On Saturday, 15th February, SCHICK sat down with BATFA award winner, Daniel Kaluuya to discuss the 2019 drama/thriller, Queen & Slim. The film, directed by Melina Matsoukas (in her feature directorial debut) and written by Lena Waithe, has attracted a lot of buzz both in and out of the U.S. for its captivating plot. The film’s protagonists, Slim and Queen (played by Daniel and Jodie Turner-Smith) go on a first date which takes an unexpected turn when a policeman pulls them over for a minor traffic violation. When the situation escalates, Slim takes the officer’s gun and shoots him in self-defence. Now labelled cop killers in the media, Slim and Queen feel that they have no choice but to go on the run and evade the law.
Daniel Kaluuya discusses how he interpreted the role as a British actor and how he feels about the comparison of characters, Slim and Queen, to the infamous duo, Bonnie and Clyde.
On getting comfortable with African-American roles
“That’s our job as actors – to use who we are to show you who were not. So, I have to tap in and find parallels between me and the person I’m playing. It’s also important to be respectful and specific to the person and the culture I’m representing – whether it’s someone from Cleveland or someone from Zanzibar. It’s important to understand the humanity and find out the thing that I can translate and tap into. I have to think: If I watched it from Camden, would I understand [the experiences shared in the film]? If I was from Cleveland, especially [where the film is set], would I be able to resonate?”
Bonnie and Clyde committed crimes but for Slim and Queen, their skin was criminalised
– Daniel Kaluuya
You and Jodie’s characters in Queen & Slim have been compared to Bonnie and Clyde – but they were outlaws and you, in every sense, were not. How does that comparison make you feel?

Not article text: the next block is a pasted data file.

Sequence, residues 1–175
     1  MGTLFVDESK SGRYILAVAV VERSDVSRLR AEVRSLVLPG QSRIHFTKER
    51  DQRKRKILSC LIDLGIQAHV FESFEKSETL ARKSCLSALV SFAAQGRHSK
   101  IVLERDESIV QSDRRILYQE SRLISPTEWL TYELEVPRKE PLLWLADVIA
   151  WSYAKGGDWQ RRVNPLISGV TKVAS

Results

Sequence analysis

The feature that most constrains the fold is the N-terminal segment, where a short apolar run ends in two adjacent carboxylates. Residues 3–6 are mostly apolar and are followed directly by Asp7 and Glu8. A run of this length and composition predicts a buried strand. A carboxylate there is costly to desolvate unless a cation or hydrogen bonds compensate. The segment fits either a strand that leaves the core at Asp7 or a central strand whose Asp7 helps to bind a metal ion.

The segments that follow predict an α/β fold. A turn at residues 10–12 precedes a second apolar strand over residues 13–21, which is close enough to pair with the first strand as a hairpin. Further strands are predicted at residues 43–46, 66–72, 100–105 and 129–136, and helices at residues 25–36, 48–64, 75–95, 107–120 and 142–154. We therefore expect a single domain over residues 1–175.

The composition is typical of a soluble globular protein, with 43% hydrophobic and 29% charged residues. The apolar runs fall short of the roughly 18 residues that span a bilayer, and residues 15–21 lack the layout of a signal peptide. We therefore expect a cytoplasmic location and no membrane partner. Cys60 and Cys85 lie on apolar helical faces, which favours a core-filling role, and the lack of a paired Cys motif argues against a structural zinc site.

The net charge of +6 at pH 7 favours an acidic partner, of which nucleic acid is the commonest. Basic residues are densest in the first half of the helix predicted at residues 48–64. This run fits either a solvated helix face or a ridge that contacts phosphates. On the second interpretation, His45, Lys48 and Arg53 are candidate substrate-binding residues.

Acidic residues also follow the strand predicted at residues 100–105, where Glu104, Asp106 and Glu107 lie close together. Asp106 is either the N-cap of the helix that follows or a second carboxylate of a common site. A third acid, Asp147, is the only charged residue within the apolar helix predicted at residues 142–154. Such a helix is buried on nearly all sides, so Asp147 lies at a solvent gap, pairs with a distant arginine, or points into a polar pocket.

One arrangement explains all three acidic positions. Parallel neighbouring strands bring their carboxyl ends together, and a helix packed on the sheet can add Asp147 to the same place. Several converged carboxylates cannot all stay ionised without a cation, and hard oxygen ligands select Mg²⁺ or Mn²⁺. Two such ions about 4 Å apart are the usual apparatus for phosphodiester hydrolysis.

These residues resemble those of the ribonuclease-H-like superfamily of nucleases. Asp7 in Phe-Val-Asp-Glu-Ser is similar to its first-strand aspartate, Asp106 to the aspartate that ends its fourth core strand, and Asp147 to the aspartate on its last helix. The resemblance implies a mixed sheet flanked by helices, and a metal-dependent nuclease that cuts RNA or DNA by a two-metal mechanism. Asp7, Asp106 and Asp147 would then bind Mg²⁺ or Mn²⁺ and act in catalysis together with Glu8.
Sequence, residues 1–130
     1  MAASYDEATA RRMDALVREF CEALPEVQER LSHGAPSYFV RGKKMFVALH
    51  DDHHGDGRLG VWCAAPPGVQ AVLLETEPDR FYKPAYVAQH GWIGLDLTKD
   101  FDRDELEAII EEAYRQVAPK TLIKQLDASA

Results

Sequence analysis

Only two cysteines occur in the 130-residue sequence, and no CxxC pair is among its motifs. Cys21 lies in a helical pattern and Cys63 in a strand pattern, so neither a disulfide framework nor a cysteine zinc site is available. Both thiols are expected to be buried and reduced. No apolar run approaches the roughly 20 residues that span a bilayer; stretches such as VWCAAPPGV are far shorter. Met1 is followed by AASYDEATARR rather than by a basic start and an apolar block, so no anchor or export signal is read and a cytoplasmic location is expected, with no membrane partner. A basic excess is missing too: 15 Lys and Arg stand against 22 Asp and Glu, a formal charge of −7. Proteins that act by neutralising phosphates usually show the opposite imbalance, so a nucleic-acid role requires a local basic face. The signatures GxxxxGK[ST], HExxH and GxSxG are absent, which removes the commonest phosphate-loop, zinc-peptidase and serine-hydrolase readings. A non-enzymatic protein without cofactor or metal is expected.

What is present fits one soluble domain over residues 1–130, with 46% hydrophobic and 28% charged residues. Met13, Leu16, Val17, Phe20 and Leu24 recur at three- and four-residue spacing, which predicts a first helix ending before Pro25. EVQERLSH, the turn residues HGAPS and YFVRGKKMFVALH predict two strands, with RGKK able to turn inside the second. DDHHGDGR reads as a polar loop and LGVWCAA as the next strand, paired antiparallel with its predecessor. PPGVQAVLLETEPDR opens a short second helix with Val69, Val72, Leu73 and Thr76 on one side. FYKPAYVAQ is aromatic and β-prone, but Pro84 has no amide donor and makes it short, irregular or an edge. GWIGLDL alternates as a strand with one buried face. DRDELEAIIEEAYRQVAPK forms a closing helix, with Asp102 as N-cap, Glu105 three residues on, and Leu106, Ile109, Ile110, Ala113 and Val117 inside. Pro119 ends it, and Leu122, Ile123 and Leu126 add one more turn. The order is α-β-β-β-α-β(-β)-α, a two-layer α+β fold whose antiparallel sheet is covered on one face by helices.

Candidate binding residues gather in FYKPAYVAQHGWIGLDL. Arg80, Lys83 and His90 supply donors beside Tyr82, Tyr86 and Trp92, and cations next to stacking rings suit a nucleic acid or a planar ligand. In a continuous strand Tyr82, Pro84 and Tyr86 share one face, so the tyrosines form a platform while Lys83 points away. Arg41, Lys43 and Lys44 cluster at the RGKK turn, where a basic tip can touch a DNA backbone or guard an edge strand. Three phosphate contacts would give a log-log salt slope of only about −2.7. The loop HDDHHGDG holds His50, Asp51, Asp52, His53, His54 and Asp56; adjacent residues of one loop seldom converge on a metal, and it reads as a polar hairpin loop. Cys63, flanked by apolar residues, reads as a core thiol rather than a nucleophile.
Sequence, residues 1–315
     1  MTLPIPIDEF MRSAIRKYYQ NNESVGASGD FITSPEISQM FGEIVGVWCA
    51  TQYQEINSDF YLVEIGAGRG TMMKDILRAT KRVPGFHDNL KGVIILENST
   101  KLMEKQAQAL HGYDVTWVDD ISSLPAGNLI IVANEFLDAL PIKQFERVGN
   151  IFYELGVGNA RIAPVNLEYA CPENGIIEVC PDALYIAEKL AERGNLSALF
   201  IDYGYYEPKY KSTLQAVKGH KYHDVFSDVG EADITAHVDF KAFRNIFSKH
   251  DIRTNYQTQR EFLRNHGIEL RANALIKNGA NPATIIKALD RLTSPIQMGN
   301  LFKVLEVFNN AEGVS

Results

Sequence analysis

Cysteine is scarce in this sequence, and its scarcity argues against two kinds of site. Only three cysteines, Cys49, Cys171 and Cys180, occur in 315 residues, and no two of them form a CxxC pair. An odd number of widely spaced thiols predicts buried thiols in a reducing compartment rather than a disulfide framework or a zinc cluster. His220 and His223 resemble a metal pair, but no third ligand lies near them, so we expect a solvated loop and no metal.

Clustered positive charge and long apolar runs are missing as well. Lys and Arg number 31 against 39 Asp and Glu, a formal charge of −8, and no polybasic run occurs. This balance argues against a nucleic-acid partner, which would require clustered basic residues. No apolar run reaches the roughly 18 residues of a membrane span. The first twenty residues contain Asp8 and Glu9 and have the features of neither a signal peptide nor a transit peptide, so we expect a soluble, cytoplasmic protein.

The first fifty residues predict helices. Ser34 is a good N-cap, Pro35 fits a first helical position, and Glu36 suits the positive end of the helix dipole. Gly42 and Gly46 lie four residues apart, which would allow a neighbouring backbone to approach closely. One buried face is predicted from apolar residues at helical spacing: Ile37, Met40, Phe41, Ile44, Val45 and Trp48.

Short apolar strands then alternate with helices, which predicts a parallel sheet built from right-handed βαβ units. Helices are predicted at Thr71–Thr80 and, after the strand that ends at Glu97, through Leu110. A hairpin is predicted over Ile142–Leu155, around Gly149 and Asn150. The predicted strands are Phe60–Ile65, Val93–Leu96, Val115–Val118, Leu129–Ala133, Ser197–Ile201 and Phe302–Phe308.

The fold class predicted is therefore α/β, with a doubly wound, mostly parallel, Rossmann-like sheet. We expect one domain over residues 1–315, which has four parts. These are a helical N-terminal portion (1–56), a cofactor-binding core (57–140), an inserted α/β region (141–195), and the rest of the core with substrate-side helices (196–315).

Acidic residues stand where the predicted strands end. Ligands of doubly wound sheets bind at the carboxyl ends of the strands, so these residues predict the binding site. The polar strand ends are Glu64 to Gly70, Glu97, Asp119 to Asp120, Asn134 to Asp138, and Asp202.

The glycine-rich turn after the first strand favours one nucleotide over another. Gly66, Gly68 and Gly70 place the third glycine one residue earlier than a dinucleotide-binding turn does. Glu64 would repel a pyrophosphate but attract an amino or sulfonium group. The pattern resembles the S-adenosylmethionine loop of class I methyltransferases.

“Well, I think it’s not accurate – that’s what it is. It’s a reductive way to describe it but I understand why people would go with that narrative – because [Slim and Queen] become a couple [on the run]. What our goal was was to introduce a new archetype in that space – especially from a Black perspective. Like you said, Bonnie and Clyde committed crimes but for Slim and Queen, their skin was criminalised – it’s why they were in that situation. So, it’s different.”
SCHICK also took the opportunity to talk with Queen & Slim director, Melina Matsoukas – on public reaction to the critically-acclaimed film and the importance of telling this timely story.
I had never seen such a reaction caused by a film – sometimes more of a reaction than people actually being killed in the street
– Melina Matsoukas
Do you think Queen & Slim would have been different if it was written and directed by men?
“Absolutely. I think any story is going to be affected by its creators because it’s told through their lens and through their pen, so there’s going to be a huge difference. [For Queen & Slim] I couldn’t tell you exactly how, though! And I also think it would be different if it was another black woman; this story is very much a representation of who I am, my instincts, influences, experiences, as well as Lena’s and Daniel’s and Jodie’s. We are the creators of this narrative and because of that, it’s always going to reflect who we are as people.”
Did anything surprise you about the reaction to the film?
“Yeah! I think what surprised me most was how deeply it resonated with audiences – how much conversation it caused both on and offline. I had never seen such a reaction caused by a film – sometimes more of a reaction than people actually being killed in the street, you know? And this came just from representation on screen. I think that speaks to how deeply it hit and how much people connect to and see themselves in this story.”